Chuck Grassley: Win One for the…Grim Reaper?
One in six former Iowa U.S. Senators died in office – although none in 80+ years
Among the pitches Chuck Grassley made last week as to why Iowans should vote for Republican Kim Reynolds in next month’s gubernatorial election, was the warning that the next governor could be appointing a new U.S. Senator should his health fail:
“Something could happen to me in the next four years. I don’t want a Democrat appointing my successor who would then be a Democrat, not a Republican. Keep that in mind when you work for Kim Reynolds.”
Grassley, who by all accounts is in reasonably good health, is still by far the oldest Iowan to serve in the U.S. Senate – clocking in at 85 years, 1 month, 14 days through Tuesday.
No other delegation member ever reached 80 years of age, although six served into their 70s:
- Republican William Allison (1873-1908): 79 years, 5 months, 3 days
- Republican Albert Cummins (1908-1926): 76 years, 5 months, 16 days
- Democrat Guy Gillette (1936-1945; 1949-1955): 75 years, 11 months, 1 day
- Republican John Gear (1895-1900): 75 years, 3 months, 8 days
- Democrat Tom Harkin (1985-2015): 75 years, 1 month, 16 days
- Republican Bourke Hickenlooper (1945-1969): 72 years, 5 months, 14 days
The average age of the state’s 32 former senators at the time of their (final) exit from the chamber was 59.3 years. [Four Iowans served two or more stints in the senate: Free Soiler/Republican James Harlan, Republican Samuel Kirkwood, Republican Smith Brookhart, and Democrat Guy Gillette].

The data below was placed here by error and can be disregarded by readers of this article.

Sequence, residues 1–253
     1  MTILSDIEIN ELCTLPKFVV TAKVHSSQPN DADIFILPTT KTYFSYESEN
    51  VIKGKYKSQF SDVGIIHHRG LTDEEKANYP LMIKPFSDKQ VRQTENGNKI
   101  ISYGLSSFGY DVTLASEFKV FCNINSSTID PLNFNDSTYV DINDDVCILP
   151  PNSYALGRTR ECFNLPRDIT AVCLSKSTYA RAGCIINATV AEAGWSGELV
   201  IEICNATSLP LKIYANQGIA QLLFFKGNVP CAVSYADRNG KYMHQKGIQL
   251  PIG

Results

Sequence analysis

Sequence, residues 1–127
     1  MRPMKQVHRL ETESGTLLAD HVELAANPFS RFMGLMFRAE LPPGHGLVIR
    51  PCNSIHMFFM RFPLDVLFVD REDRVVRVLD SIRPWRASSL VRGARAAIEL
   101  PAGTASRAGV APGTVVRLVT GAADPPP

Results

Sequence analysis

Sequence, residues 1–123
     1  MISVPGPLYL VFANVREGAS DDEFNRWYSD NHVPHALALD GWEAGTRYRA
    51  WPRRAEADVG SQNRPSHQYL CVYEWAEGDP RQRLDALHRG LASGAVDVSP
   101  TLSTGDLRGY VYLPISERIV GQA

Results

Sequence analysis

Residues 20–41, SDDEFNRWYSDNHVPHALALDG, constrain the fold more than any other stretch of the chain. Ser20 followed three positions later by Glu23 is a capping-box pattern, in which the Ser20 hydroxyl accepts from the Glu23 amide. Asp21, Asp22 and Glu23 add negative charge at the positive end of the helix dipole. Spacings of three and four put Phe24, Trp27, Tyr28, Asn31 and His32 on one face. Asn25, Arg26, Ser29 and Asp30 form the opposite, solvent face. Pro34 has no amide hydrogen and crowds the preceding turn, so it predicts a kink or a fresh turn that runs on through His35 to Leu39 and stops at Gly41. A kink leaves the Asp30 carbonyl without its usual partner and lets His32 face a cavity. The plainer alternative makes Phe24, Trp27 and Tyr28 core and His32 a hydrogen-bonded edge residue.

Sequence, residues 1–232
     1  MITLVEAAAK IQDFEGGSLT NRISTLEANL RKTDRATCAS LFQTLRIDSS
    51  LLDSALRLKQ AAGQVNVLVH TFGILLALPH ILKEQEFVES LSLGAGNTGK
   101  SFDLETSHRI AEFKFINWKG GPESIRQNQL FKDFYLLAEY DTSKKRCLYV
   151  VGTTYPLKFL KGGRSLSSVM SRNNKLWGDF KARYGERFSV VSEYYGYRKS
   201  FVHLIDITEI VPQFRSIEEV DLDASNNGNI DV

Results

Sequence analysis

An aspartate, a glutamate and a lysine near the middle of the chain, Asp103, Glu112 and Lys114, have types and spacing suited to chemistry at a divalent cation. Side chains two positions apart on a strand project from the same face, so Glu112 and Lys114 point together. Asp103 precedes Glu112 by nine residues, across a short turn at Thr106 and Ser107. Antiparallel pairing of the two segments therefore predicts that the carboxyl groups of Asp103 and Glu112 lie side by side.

To Grassley’s point, however, several Iowa U.S. Senators have died in office – five of the 32 former delegation members since statehood, or nearly one in six.
However, none passed away over the last 80 years – and the five who died in office all did so within a 36-year period.
Republican John Gear – the state’s 11th U.S. Senator – was the first to die in office in July 1900 before the start of his second term.
Long-serving GOP Senator William Allison died during his sixth term in August 1908 – followed soon thereafter by Gear’s successor, Republican Jonathan Dolliver, in October 1910.
Dolliver remains the youngest Iowa U.S. Senator to die in office at 52 years, 8 months, 10 days.
Allison’s successor, Republican Albert Cummins, died during his fourth term in July 1926.
The fifth and final Iowa U.S. Senator to pass away during his term was Democrat Richard Murphy in July 1936. Murphy, serving in his first term, died in an automobile accident in Wisconsin at the age of 60 years, 8 months, 11 days.
Grassley is already the longest-serving U.S. Senator in Iowa history at 37 years, 9 months, 28 days through Tuesday.
Senator Grassley passed Allison near the end of his sixth term in early June 2016. Allison served 35 years, 5 months, 1 day.
Follow Smart Politics on Twitter.
1. Nice play on “Win one for the Gipper”!
2. Rather than tempting fate, he does have the entirely honourable option of RELINQUISHING his long-held seat, sometime before (ascended) Governor Reynolds’ departure in the event of her defeat (he is implicitly acknowledging that her chances of victory are somewhat less than even).
3. a) It is a shame that the 17th Amendment failed to include a same-party interim appointee provision, one that would be applicable to all the States (currently in force only in WY, AZ, and perhaps a few others); the 17th decoupled the Senate from the machinations and turmoils of state legislative elections, but, unfortunately, not the gubernatorial contests. b) In order to make said provision effective, it would have had to make official party membership – or a formal lack of any – a requirement for each eligible voter in each State (via voter registration form, party-issued card, or other) – something which might not go over too well in some places, to say the least.